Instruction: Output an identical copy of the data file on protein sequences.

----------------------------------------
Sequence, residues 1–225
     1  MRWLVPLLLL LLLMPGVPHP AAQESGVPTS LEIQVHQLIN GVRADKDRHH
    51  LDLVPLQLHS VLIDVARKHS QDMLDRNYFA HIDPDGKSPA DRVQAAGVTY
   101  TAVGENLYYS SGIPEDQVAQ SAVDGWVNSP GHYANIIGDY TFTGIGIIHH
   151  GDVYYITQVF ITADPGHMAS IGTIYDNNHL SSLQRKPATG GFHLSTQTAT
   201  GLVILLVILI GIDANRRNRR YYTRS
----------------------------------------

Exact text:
Sequence, residues 1–225
     1  MRWLVPLLLL LLLMPGVPHP AAQESGVPTS LEIQVHQLIN GVRADKDRHH
    51  LDLVPLQLHS VLIDVARKHS QDMLDRNYFA HIDPDGKSPA DRVQAAGVTY
   101  TAVGENLYYS SGIPEDQVAQ SAVDGWVNSP GHYANIIGDY TFTGIGIIHH
   151  GDVYYITQVF ITADPGHMAS IGTIYDNNHL SSLQRKPATG GFHLSTQTAT
   201  GLVILLVILI GIDANRRNRR YYTRS